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This is by far the longest post I've left here...but I think it's required in this case.

I've had questions about these kinds of things for a long time: how to name assemblies, and how to divide up classes within them.

I'd like to give an example of an application here, with only a bare minimum of classes to demonstrate what I'm trying to understand.

Imagine an application that

  • Accepts client messages, store them in a db, and then later dequeues them to an MTA server.
  • It's a Web application that has both an ASP.NET interface to write a message + attach attachments.
  • There's also a Silverlight client, so the webapp exposes a ClientServices WCF ServiceContract, with one OperationContract (SaveMessage).
  • There's also a Windows client...does the same thing as the Silerlight contract.

OK. that should be enough of a fake scenario to demonstrate my cluelessness.

The above will need the following classes:

  • Message
  • MessageAddress
  • MessageAddressType (an enum with From, To)
  • MessageAddressCollection

  • MessageAttachment

  • MessageAttachmentType
  • MessageAttachmentCollection

  • MessageException

  • MessageAddressFormatException

  • MessageExtensions (static extension for Message)

  • MessageAddressExtensions (static extension for MessageAddress)
  • MessageAttachmentExtensions (static extension for MessageAttachment)


My first stab at organizing the above into the right assemblies would be observing that Message, MessageAddress, MessageAttachment, the enums needed for its properties (MessageAddressType, MessageAttachmentType) and the collections needed for them(MessageAddressCollection, MessageAttachmentCollection), are all to be marked as [DataContract] so that they can be serialized between the WCF client and the server. Being common to both, I think I would move them into a neutral shared assembly called Contract.


I'll need a Client proxy of the server [ServiceContract], that refs the classes in the Contract.dll.

So now the server, which also refs Project.Contract.dll could now save serialized Messages received from a WCF Client, and save them into a db.


Next I would realize that I would like to have these objects be processed server side by 3rd party plugins (eg; a virus checker)...

But plugins should have readonly access (only) to the variables in order to check the variables, and throw errors if they see something they don't like.

So I would think about going back to have Message inherit from IMessageReadOnly ...but where to put that interface?


If I put it in an assembly called Project.Interfaces.dll, this would work for the plugins who could reference that without having a reference to Contracts.dll...but now the client has to reference both Contracts assembly AND Interfaces...doesn't sound like a good direction...

Duplicate Objects

Alternatively, I could have two Messages structures (and duplicate the other MessageAttachment, etc. classes as well)...one for communicating from client to server (in the Contracts.dll), and then use a second ServerMessage/ServerMessageAddress/ServerMessageAddressCollection on the server side, which inherits from IMessageReadOnly, and then it would appear that I am closer to what I want. With duplicate objects, plugins are limited in access, while Server BL, etc. has full access for types relevant to its work, all while the client has different but identical objects... In fact...they I should probably start considering them as non-identical, making it clearer in my head that the objects are just there to talk to clients, ie Contract/Comm objects)...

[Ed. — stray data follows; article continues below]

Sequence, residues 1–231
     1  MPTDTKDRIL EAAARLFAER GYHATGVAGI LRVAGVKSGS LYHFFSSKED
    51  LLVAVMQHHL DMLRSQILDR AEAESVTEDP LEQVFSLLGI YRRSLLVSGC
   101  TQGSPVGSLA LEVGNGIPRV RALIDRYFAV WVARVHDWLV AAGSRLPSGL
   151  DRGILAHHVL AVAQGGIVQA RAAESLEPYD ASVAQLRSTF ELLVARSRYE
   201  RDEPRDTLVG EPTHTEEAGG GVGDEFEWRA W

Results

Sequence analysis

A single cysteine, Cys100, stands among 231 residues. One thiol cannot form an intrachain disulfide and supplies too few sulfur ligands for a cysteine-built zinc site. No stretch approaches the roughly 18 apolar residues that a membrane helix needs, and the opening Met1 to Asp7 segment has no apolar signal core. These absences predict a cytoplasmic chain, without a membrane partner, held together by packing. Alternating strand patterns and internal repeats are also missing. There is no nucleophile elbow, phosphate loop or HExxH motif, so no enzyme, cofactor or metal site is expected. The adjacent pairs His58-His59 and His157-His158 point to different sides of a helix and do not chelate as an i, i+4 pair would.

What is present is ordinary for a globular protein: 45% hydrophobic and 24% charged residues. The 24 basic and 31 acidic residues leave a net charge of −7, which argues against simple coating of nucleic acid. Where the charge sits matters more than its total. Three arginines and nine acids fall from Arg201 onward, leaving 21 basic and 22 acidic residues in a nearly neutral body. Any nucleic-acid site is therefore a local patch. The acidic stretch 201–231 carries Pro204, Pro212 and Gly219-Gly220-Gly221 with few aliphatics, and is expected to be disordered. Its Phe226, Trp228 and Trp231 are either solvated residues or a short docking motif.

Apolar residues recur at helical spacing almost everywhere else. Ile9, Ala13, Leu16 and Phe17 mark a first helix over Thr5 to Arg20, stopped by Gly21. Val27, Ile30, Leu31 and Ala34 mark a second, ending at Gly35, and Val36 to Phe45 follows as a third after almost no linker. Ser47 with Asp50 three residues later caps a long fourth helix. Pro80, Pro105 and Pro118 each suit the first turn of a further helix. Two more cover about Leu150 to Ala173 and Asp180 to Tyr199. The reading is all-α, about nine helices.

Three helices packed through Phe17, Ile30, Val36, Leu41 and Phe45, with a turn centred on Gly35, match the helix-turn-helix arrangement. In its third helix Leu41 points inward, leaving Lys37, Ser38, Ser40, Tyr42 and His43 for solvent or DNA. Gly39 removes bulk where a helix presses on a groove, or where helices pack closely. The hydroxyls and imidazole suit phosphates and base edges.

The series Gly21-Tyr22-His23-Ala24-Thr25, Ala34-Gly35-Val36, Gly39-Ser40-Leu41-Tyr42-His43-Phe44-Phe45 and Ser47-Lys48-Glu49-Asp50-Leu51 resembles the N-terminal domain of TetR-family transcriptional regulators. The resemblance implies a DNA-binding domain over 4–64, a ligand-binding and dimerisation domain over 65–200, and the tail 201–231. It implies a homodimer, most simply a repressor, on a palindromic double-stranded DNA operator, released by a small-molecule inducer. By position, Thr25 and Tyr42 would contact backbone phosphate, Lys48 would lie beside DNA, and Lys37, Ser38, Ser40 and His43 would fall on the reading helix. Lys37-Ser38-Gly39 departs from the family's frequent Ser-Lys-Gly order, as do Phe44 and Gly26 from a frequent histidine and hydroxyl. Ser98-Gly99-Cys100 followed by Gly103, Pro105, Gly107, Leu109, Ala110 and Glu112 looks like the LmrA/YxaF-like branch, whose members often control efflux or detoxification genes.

The Website UI

which brings up ...hum...if there are two different Messages, and they have now different properties...which one is the most appropriate for using to back the ASP.NET forms? The ServerMessage object seems fastest (no mapping going on between types)...but all the logic has already been worked out against client message objects (with different properties and internal logic). So would I use a ClientMessage, and map it to a Servermessage, to keep the various UI logics the same, across different mediums? or should i prefer mapping, and just rewrite the UI validation?

What about the third case, Silverlight...The Contracts assembly was a Full Framework assembly...which Silverlight can't ref (different framework/build mechanism)....so the assembly that i have on the Silverlight side might be exactly the same code, but has to be a different assembly. How does that work out?

What exactly to Consider as DataContract?

Finally...and this is, I swear, near the end of my huge question...what about the pesky extra classes that are not clearly DataContract?

For example, The MessageAddress was a DataContract. Ok. And the enums it exposed are part of it...Makes sense... But if the messageAddress constructor raises a MessageAddressFormatException...is it considered part of the DataContract?

Can there be Classes common to both Server, Client, AND Plugins?

Or is it an exception that is common to BOTH ServerMessageAddress and ClientMessageAddress, so should not be duplicated, and instead be in a Common assembly...so that in the end, the client has to bind to Contracts AND Common? (Didn't we just go down this alley with the Interfaces assembly?)

What about common Base classes/Interfaces?

And should these exceptions have common base classes? for example...ClientMessageAddressException, ServerMessageAddressException, ServerMessageVirusException (from plugin)...should I struggle to get them to -- as best as possible -- all derive from an abstract MessageException...or is there a time when enheritence/reusse just no longer an appropriate goal to strive for?


I'm a developer and on the tech side I can bumble along ok...but these kinds of questions, where I've had to lay out the assemblies, the architecture, myself, leave me hugely perplexed...and lose me SOOOO much time, as I drive myself batty, moving things around from one assembly to another to see which one is the best fit, all while not really certain of what I am doing, and trying to not get circular references...